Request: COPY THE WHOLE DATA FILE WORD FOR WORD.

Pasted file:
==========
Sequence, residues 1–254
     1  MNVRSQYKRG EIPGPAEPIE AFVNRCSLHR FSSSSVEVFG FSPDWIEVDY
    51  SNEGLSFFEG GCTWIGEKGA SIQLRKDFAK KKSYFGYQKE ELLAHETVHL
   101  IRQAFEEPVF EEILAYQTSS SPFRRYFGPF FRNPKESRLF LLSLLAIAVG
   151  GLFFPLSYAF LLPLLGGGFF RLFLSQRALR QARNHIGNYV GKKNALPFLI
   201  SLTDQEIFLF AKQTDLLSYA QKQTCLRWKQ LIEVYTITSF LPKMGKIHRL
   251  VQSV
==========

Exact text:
Sequence, residues 1–254
     1  MNVRSQYKRG EIPGPAEPIE AFVNRCSLHR FSSSSVEVFG FSPDWIEVDY
    51  SNEGLSFFEG GCTWIGEKGA SIQLRKDFAK KKSYFGYQKE ELLAHETVHL
   101  IRQAFEEPVF EEILAYQTSS SPFRRYFGPF FRNPKESRLF LLSLLAIAVG
   151  GLFFPLSYAF LLPLLGGGFF RLFLSQRALR QARNHIGNYV GKKNALPFLI
   201  SLTDQEIFLF AKQTDLLSYA QKQTCLRWKQ LIEVYTITSF LPKMGKIHRL
   251  VQSV